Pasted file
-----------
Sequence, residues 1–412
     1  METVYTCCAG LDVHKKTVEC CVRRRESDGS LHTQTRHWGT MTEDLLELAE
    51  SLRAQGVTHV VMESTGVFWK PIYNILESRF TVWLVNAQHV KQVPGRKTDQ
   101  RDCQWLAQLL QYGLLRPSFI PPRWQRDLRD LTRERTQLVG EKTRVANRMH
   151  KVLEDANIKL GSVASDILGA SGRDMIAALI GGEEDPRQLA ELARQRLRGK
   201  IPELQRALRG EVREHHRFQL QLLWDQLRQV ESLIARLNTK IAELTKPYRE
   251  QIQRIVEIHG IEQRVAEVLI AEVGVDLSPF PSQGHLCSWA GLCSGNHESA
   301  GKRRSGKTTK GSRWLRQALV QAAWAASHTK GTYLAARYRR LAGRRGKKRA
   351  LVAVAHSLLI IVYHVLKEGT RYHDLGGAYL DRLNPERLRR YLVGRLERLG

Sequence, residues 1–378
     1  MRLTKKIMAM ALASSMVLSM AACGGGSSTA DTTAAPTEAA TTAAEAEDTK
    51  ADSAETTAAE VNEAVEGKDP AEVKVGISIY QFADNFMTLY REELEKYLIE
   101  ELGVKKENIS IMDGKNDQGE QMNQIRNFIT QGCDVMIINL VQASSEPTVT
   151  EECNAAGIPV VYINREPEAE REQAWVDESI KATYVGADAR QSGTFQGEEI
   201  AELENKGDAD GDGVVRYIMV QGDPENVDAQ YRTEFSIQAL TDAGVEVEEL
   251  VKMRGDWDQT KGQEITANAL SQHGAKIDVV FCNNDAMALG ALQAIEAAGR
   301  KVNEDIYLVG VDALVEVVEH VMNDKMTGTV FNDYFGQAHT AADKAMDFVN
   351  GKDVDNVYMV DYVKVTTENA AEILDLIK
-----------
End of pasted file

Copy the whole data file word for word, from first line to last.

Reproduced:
Sequence, residues 1–412
     1  METVYTCCAG LDVHKKTVEC CVRRRESDGS LHTQTRHWGT MTEDLLELAE
    51  SLRAQGVTHV VMESTGVFWK PIYNILESRF TVWLVNAQHV KQVPGRKTDQ
   101  RDCQWLAQLL QYGLLRPSFI PPRWQRDLRD LTRERTQLVG EKTRVANRMH
   151  KVLEDANIKL GSVASDILGA SGRDMIAALI GGEEDPRQLA ELARQRLRGK
   201  IPELQRALRG EVREHHRFQL QLLWDQLRQV ESLIARLNTK IAELTKPYRE
   251  QIQRIVEIHG IEQRVAEVLI AEVGVDLSPF PSQGHLCSWA GLCSGNHESA
   301  GKRRSGKTTK GSRWLRQALV QAAWAASHTK GTYLAARYRR LAGRRGKKRA
   351  LVAVAHSLLI IVYHVLKEGT RYHDLGGAYL DRLNPERLRR YLVGRLERLG

Sequence, residues 1–378
     1  MRLTKKIMAM ALASSMVLSM AACGGGSSTA DTTAAPTEAA TTAAEAEDTK
    51  ADSAETTAAE VNEAVEGKDP AEVKVGISIY QFADNFMTLY REELEKYLIE
   101  ELGVKKENIS IMDGKNDQGE QMNQIRNFIT QGCDVMIINL VQASSEPTVT
   151  EECNAAGIPV VYINREPEAE REQAWVDESI KATYVGADAR QSGTFQGEEI
   201  AELENKGDAD GDGVVRYIMV QGDPENVDAQ YRTEFSIQAL TDAGVEVEEL
   251  VKMRGDWDQT KGQEITANAL SQHGAKIDVV FCNNDAMALG ALQAIEAAGR
   301  KVNEDIYLVG VDALVEVVEH VMNDKMTGTV FNDYFGQAHT AADKAMDFVN
   351  GKDVDNVYMV DYVKVTTENA AEILDLIK